Ceremonies cleanse the body and soul
My favorite picture of Northern Ute Elder Clifford Duncan is of him standing next to the Dali Lama.Clifford is dressed in his finest outfit with his eagle feather bonnet highlighted by a beaded headband. The smiling Dali Lama, dressed in his yellow robe and red scarf, is on Clifford’s right side. He holds an eagle fan in his right hand and his left hand holds Clifford’s right hand.What cracks me up is the story behind the photo. The Dalai Lama wasn’t there to give Clifford a blessing, it was just the opposite. My friend had performed a cleansing ceremony for the Dalai Lama with his eagle fan.All human beings no matter what station in life, need an occasional cleansing.The smudging ceremony with the eagle fan goes something like this. Braided sweet grass is often used today, though the traditional Ute material would be juniper bark and sage.A small amount of sage and bark is placed into a shell and set on fire. The resulting smoke is fanned with the eagle wing while praying.Usually the person receiving the cleansing extends their arms outward, and the fragrant smoke is fanned over the whole body.Believing that my need is great for all the blessings I can receive, this ceremony has been performed for me many times.The tribes I’ve had the privilege to work with during my career use another cleansing ceremony regularly, the sweat lodge. I’ve written about sweat lodges in other columns so I won’t repeat myself here, except to say that in the spring the old lodge would be torn down and a new one erected out of fresh willows.Not having access to a sweat lodge or the proper person to conduct a ceremony for me, I had to resort to my own devices recently.Having survived a tough time fighting an upper respiratory infection, thanks to the marvels of modern medicine, I needed a good cleansing.So I climbed into my own sweat chamber. Though it’s nothing like the real thing, it gets the job done.My wife gets all the credit for the idea to completely redo the upstairs bathroom, as well as the ability to find the money to pay for it.A neighbor friend supplied the skills necessary to completely tile the new shower with a built in bench and install a “Mr. Steam” unit.I supervised the whole endeavor.I set the temperature control around 105 degrees. The whole intent is to sweat all the nasty stuff from the body, not end up a boiled lobster.What I miss from the traditional sweat is the four rounds, or doors, as they are called. Certain songs are sung during each set and prayers are made, then the door of the lodge is opened and you take a break.Since I can’t carry a tune, I don’t sing in the shower.But cleansing is the most important thing, and this is a good time of year for cleaning our lives.Having worked with Indian tribes for over 25 years in federal land management agencies, Bill Kight, of Glenwood Springs, shares his stories and insights with readers every other week.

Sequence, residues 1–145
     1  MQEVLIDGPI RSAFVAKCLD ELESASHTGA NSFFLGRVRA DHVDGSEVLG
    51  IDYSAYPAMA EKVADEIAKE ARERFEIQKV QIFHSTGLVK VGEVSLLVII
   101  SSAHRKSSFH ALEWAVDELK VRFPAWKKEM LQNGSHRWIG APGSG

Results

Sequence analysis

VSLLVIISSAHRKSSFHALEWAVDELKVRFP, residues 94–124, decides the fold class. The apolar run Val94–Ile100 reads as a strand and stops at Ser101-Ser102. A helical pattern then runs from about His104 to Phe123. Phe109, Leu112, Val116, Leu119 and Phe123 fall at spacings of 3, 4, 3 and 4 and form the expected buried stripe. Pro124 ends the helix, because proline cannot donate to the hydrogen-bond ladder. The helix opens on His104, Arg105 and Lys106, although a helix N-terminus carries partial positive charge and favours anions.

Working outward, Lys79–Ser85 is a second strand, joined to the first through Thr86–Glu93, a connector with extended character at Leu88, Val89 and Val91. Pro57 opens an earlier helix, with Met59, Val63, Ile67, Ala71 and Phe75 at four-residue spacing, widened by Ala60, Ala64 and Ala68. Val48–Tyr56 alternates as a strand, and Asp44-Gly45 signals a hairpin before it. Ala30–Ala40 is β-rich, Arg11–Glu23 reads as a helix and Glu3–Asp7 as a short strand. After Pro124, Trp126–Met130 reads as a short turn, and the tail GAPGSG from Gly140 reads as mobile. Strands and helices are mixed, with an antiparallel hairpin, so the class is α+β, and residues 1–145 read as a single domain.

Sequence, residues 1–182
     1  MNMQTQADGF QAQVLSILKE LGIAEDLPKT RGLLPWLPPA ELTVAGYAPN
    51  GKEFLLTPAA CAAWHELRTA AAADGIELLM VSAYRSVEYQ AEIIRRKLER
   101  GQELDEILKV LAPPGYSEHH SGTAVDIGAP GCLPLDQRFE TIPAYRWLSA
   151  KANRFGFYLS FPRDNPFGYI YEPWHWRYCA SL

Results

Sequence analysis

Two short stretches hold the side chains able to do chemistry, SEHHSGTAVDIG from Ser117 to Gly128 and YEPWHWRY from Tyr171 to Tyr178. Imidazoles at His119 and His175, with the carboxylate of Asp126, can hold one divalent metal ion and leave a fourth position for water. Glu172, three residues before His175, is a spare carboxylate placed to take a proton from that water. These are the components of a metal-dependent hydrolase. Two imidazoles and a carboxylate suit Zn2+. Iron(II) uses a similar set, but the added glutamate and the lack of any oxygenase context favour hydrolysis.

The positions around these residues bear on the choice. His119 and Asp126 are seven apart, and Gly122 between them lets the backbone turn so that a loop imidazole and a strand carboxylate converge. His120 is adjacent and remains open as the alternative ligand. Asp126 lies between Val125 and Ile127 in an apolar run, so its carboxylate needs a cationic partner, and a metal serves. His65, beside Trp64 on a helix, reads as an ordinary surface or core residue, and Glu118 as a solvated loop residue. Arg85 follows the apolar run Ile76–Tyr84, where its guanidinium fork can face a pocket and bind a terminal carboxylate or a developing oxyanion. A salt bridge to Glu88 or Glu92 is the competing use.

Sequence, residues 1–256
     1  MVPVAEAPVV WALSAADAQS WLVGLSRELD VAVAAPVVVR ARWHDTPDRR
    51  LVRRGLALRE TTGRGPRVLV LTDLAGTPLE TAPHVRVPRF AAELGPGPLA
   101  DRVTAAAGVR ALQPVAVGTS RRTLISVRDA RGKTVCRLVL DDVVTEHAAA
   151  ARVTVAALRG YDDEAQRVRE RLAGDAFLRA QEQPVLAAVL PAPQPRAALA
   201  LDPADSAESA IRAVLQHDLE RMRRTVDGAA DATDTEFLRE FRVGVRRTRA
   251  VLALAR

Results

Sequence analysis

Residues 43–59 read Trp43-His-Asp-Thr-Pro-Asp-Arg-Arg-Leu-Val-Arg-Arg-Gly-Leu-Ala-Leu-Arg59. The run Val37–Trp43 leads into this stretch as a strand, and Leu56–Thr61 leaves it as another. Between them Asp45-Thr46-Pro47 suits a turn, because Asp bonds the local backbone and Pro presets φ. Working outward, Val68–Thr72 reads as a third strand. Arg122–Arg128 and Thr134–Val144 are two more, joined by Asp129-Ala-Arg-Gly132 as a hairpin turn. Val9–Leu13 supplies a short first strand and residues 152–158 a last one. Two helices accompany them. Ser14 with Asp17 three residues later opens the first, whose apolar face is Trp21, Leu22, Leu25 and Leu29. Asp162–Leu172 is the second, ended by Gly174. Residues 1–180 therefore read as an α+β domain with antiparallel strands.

Support Local Journalism
Support Local Journalism
Readers around Glenwood Springs and Garfield County make the Post Independent’s work possible. Your financial contribution supports our efforts to deliver quality, locally relevant journalism.
Now more than ever, your support is critical to help us keep our community informed about the evolving coronavirus pandemic and the impact it is having locally. Every contribution, however large or small, will make a difference.
Each donation will be used exclusively for the development and creation of increased news coverage.
Start a dialogue, stay on topic and be civil.
If you don't follow the rules, your comment may be deleted.
User Legend: Moderator Trusted User